One of crop insurance’s defining attributes is its self-correcting nature.

That is, farmers who exhibit more risk pay more than those who exhibit less – much in the same way that car insurers reward safe drivers.

This is done by collecting and analyzing a producer’s Actual Production History (APH), which takes into account a grower’s actual yields over a period of time. It also compares performance to other farms within the county and surrounding communities.

Growers with a higher APH are able to get lower insurance premiums, saving both themselves and taxpayers money.

In this way, the APH formula serves to reward farmers for adopting new technologies and techniques that enhance efficiency and productivity.

For example, some agronomists, conservationists, and policymakers are currently promoting conservation practices – e.g., reduced till and cover cropping – explaining that these practices not only help the environment but can boost a farm’s bottom line.

When these conservation practices show dividends through higher-than-average yields, then the producer will be financially rewarded for adoption through cheaper insurance premiums.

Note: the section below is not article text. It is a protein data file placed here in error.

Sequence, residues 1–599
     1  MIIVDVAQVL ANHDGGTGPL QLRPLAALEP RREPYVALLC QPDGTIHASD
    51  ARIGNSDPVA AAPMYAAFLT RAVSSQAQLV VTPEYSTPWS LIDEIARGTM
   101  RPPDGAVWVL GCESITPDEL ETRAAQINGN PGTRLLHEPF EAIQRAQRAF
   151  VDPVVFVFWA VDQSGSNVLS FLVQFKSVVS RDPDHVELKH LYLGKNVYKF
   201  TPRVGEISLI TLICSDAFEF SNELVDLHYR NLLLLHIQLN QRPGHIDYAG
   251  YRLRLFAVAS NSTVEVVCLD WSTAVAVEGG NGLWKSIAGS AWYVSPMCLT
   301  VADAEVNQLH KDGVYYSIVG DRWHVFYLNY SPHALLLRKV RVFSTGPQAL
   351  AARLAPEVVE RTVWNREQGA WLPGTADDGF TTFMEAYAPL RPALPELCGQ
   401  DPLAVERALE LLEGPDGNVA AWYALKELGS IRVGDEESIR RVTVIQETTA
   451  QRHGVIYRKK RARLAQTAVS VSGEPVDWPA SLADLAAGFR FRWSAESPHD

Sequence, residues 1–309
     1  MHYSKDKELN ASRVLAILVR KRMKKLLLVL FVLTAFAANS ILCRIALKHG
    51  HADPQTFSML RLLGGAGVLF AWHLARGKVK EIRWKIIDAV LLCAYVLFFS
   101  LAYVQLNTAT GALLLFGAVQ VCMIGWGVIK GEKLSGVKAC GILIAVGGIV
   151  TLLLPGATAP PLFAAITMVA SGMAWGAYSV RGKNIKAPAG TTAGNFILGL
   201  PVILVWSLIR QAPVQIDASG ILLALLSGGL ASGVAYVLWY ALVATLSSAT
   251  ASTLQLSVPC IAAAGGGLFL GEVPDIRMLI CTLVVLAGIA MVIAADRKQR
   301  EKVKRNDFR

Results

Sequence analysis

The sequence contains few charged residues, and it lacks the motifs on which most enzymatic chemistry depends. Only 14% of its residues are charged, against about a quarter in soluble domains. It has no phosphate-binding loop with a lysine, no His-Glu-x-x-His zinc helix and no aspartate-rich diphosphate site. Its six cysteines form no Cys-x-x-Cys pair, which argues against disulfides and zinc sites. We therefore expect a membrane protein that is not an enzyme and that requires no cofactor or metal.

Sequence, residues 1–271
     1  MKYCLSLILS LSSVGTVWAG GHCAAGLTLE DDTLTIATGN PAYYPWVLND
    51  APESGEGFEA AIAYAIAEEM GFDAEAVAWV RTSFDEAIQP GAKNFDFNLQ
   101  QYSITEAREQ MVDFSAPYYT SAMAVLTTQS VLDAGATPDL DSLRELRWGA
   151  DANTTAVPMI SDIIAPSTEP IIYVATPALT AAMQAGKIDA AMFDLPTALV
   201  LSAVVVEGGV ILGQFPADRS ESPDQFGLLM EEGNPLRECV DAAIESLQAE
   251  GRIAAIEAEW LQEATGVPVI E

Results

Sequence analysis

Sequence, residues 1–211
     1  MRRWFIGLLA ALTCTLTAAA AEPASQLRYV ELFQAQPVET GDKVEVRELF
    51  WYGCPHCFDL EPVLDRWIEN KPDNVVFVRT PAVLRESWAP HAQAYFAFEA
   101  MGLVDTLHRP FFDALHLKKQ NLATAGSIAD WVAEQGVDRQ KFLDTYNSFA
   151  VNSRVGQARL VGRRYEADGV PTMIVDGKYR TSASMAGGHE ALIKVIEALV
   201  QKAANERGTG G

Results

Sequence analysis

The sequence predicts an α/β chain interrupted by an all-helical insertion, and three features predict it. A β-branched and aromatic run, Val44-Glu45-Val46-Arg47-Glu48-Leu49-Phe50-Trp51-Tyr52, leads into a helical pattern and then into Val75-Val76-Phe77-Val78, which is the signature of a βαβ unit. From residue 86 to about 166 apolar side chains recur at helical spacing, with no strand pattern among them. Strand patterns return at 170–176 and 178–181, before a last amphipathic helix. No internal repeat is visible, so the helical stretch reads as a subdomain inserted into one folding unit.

This structure is one reason why a new peer-reviewed study in the renowned Journal of Environmental Management recently credited crop insurance with encouraging the adoption of conservation practices.

Conversely, higher premiums under the APH system act as a deterrent to farmers taking on more risk – for example, by not adopting the latest tools and techniques like their neighbors, planting the wrong crop for the geographic region, or farming on marginal land.

Such deterrents are of particular importance as farmers and ranchers must optimize efficiency to deal with extreme weather and the effects of climate change.

With a clear APH history record, farmers can more accurately select insurance policies that help them manage their unique risks and benchmark their performance.

The APH system provides growers with a clear incentive to constantly improve.